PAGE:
Ric Parnell's Father Was An Accomplished Drummer In His Own Right

Ric Parnell was best known for playing Mich Shrimpton in the 1984 heavy metal mockumentary "This Is Spinal Tap." In the film, Shrimpton was one of the few brave enough to sit behind the kit for Spinal Tap, who had a long history of drummers dying in unusual ways from choking on vomit (whose vomit remains a mystery), a bizarre gardening accident, and spontaneous combustion at a jazz-blues (or blues-jazz depending on who you ask) festival on the Isle of Lucy. Parnell's alter-ego Shrimpton becomes a victim of spontaneous combustion at the end of the film while the band tours Japan.

However, Parnell — an accomplished drummer who spent time in the Eglish psychedelic band Atomic Rooster — continued to perform with Spinal Tap periodically as Mick Shrimpton's twin brother, Ric. Parnell, who died at the age of 70 on May 1, 2022, came from a multi-generationally talented family. According to The Guardian, his grandfather was a ventriloquist named Russ Carr, while his father was Jack Parnell, a jazz drummer and bandleader well-known for being a highly-touted big band drummer and for his work with The Muppets.

His early career

According to The Guardian, Jack Parnell's entire family worked in show business in some capacity. His father was a ventriloquist named Fred Russell, who performed under the stage name Russ Carr. Parnell's mother accompanied his father on stage, where she used her abilities as a pianist to provide his act with music. Fred Russell was responsible for some innovations in the world of ventriloquism, including a method through which a person's hands could enter the dummy's sleeve and light a cigarette (via Ventriloquist Central). Additionally, Parnell had a pair of uncles who ran a group of theaters and worked as a manager for comedian Sid Field, respectively.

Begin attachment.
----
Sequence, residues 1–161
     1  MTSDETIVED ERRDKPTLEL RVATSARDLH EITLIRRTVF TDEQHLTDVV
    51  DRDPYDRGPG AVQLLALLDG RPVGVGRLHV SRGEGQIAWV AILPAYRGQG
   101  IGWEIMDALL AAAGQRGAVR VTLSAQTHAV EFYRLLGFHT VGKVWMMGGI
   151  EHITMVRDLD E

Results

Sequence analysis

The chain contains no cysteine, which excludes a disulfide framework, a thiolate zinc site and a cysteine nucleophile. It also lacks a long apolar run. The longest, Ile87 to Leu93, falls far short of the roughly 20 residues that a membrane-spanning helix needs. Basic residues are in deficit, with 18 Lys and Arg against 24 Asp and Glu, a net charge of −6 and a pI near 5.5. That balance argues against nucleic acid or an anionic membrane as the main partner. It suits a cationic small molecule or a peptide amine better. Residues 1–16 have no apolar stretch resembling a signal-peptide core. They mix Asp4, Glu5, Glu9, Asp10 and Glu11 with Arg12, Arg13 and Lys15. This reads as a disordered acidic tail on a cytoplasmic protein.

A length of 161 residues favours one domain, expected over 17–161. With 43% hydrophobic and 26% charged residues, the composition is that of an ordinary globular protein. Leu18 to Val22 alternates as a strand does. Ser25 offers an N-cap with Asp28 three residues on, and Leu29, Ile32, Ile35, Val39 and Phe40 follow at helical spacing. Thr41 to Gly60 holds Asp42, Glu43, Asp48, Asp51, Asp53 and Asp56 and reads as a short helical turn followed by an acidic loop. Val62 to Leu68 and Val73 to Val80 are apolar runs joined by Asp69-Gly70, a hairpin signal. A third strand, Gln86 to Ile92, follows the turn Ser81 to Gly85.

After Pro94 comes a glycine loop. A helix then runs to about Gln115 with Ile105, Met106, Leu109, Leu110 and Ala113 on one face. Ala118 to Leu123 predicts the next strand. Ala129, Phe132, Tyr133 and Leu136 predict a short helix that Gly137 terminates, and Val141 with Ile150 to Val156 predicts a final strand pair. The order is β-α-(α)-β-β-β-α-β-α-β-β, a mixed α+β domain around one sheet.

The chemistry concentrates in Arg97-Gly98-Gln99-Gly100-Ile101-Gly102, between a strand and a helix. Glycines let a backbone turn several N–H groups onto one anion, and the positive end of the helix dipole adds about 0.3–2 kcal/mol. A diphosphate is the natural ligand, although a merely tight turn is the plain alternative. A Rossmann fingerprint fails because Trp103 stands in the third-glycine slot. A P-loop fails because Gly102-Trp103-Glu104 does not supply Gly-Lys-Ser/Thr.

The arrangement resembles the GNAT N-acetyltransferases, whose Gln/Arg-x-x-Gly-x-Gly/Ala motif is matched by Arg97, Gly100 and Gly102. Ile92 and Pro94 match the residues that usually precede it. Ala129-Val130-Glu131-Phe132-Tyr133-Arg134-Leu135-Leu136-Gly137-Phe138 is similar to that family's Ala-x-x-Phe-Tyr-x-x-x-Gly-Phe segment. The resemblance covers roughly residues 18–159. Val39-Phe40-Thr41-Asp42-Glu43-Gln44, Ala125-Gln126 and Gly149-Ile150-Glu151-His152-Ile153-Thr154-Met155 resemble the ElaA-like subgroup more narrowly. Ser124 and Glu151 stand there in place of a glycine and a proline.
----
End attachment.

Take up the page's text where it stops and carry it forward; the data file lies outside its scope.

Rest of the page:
Parnell took to the drums and hoarded as many jazz albums as he could. Soon, he had the chops to take his first professional gigs at just 15-years old. He then took a series of gigs and even became part of the Radio Rhythm Club Sextet, which was based in London and both recorded and played live for radio broadcasts. After World War II, Parnell joined trombonist Ted Heath's band and stayed with him until 1951, at which point he left to start his own outfit, the Music Makers. They became one of Britain's most popular big bands, but there was a bit of a problem — the style of music started to decrease in popularity. Parnell then switched his focus from touring to working as a musical director in television.

Jack Parnell's television work

Jack Parnell took a job as the musical director at Associated Television, or ATV, In 1956. According to Today, at ATV, he worked on a variety show called "Sunday Night at the London Palladium." He also worked on television specials for big-name acts like Barbra Streisand and Tom Jones. Parnell was tapped to serve as the musical director for "The Benny Hill Show" and was also responsible for composing carious theme songs.

In 1976, he started producing "The Muppet Show." Music was a major part of series, which went on to become wildly successful and spawned countless films and television shows. While in the show's world, the orchestra was led by a muppet named Nigel, per Muppet Mindset Archives. Of course, behind the scenes, there was a non-felt orchestra, and serving as musical was none other than Jack Parnell. He wound up working on all five seasons of the series' original run.

After "The Muppet Show" came to an end, Parnell went back to live performances. He played in jazz clubs and occasionally put together special big band concerts. Toward the end of his life, Parnell, who had been a heavy smoker, started suffering from emphysema. He died on August 8, 2010, two days after his 87th birthday, per The Guardian.